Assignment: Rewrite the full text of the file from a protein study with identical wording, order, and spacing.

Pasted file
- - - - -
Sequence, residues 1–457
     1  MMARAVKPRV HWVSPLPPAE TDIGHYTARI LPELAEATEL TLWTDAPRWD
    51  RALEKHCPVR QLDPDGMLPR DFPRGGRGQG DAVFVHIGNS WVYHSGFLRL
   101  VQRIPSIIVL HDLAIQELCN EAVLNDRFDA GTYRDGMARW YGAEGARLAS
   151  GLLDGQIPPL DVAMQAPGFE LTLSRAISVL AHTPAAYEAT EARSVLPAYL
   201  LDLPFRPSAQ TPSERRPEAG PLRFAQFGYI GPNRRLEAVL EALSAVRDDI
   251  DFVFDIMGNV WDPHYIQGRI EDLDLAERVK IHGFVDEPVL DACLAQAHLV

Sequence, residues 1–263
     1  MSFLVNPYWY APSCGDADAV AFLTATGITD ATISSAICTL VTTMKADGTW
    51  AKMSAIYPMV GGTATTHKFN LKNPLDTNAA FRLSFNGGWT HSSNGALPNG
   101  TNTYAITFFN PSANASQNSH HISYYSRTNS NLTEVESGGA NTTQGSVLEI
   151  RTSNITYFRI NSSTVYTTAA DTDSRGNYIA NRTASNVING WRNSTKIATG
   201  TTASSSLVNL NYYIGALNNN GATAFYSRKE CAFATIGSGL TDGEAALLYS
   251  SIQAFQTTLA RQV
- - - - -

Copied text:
Sequence, residues 1–457
     1  MMARAVKPRV HWVSPLPPAE TDIGHYTARI LPELAEATEL TLWTDAPRWD
    51  RALEKHCPVR QLDPDGMLPR DFPRGGRGQG DAVFVHIGNS WVYHSGFLRL
   101  VQRIPSIIVL HDLAIQELCN EAVLNDRFDA GTYRDGMARW YGAEGARLAS
   151  GLLDGQIPPL DVAMQAPGFE LTLSRAISVL AHTPAAYEAT EARSVLPAYL
   201  LDLPFRPSAQ TPSERRPEAG PLRFAQFGYI GPNRRLEAVL EALSAVRDDI
   251  DFVFDIMGNV WDPHYIQGRI EDLDLAERVK IHGFVDEPVL DACLAQAHLV

Sequence, residues 1–263
     1  MSFLVNPYWY APSCGDADAV AFLTATGITD ATISSAICTL VTTMKADGTW
    51  AKMSAIYPMV GGTATTHKFN LKNPLDTNAA FRLSFNGGWT HSSNGALPNG
   101  TNTYAITFFN PSANASQNSH HISYYSRTNS NLTEVESGGA NTTQGSVLEI
   151  RTSNITYFRI NSSTVYTTAA DTDSRGNYIA NRTASNVING WRNSTKIATG
   201  TTASSSLVNL NYYIGALNNN GATAFYSRKE CAFATIGSGL TDGEAALLYS
   251  SIQAFQTTLA RQV